10 year old Tramelle Sturgis was beaten to death by his father, but was he betrayed by his grandmother?
That’s up to a jury in St. Joseph County to decide at the trial of Dellia Castile.
The boy’s murder took place inside Castile’s home and West Washington Street in South Bend and Castile is charged with three counts of child neglect.
The first piece of evidence brought forth today was the recorded 911 call that finally revealed the type of torture that was going on inside the home.
That call came from Dellia Castile, although the prosecution claimed it was made only after the boy had been beaten so badly he had stopped breathing.
By the time the first police officer arrived on scene and began chest compressions in an attempt to revive Tramelle, the boy’s skin was “cold to the touch.”
The prosecution also claimed that Dellia Castile hung up when the 911 operator started asking how the boy was injured. The operator immediately called back—only to see the call go to voicemail.
In its opening statement, the defense conceded that the murder occurred in Castile’s home, but pointed out that she lived upstairs, while the Sturgis boys lived down the basement.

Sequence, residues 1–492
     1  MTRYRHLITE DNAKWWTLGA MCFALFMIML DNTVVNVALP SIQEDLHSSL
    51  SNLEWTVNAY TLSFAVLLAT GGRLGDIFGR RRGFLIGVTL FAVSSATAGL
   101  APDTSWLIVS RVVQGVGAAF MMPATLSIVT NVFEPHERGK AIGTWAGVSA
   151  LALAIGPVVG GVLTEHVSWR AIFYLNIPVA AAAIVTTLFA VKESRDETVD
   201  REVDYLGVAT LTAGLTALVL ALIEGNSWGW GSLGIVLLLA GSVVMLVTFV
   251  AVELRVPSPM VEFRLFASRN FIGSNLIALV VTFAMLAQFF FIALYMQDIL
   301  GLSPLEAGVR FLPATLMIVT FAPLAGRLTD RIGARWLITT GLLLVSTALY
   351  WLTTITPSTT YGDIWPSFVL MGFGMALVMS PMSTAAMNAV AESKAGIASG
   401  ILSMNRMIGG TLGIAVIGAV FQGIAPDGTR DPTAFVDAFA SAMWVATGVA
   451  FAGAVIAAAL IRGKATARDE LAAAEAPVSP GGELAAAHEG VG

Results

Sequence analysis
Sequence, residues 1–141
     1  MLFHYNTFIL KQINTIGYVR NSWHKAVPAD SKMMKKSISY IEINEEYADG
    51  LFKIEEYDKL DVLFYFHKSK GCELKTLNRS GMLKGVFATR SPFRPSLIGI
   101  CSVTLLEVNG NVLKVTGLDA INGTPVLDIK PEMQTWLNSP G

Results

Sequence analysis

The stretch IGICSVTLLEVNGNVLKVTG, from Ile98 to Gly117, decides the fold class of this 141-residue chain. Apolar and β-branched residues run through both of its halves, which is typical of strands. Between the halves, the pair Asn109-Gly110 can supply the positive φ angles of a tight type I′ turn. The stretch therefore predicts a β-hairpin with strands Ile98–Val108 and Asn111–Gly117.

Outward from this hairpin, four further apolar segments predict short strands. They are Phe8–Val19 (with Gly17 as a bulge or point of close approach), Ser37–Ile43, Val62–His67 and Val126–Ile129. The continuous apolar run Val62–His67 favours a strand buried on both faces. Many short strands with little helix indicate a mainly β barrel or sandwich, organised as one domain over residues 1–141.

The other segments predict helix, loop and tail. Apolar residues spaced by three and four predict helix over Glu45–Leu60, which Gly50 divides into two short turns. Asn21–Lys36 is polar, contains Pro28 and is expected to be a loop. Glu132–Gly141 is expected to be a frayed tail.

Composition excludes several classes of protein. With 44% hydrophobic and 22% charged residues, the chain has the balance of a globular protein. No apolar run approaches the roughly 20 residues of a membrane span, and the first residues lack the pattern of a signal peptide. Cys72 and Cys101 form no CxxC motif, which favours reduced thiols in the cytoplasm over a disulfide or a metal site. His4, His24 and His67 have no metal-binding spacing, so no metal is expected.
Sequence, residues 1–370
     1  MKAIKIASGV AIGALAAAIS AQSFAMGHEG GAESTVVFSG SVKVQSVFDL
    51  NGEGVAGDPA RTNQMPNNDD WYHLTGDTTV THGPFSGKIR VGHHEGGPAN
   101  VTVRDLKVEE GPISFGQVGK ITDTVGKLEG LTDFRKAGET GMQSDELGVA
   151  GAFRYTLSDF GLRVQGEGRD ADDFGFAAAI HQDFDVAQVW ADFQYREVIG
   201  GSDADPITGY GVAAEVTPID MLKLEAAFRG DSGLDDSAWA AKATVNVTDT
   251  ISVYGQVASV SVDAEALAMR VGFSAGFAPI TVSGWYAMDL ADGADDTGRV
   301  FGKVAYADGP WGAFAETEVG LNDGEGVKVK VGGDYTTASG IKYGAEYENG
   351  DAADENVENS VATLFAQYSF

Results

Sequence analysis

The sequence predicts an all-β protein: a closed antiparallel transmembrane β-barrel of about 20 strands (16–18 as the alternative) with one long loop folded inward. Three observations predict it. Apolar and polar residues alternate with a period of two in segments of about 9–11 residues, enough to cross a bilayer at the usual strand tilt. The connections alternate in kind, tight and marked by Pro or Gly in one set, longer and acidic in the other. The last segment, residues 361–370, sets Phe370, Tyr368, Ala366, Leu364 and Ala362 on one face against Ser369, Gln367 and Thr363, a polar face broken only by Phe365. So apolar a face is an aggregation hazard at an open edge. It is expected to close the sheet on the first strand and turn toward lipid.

Jurors heard that Dellia Castile had eye and hearing difficulties, that contributed to her status as disabled, and that she had her hands full caring for four grandchildren in the upstairs portion of the home.
The prosecution claims that Castile not only knew about the basement beatings but that she paid her son “not to whoop the kids.”
Jurors today also heard an alleged example of how Castile once downplayed the kind of abuse going on in the home.
She was quoted as saying Terry Sturgis made his kids do chores, or had them stand in the corner, while he occasionally would spank them with a comb.
In reality, Terry Sturgis beat his children with a 1” wooden dowel rod, and branded them with a hot clothes iron.
The injuries to Tramelle Sturgis were extensive enough to bring one juror to tears.
As the prosecution displayed photographs of the boy’s body, the bailiff passed a tissue box through the jury box, allowing jurors to take one and pass it down.
Some jurors did take a tissue, some didn’t, and at least one was seen wiping away tears.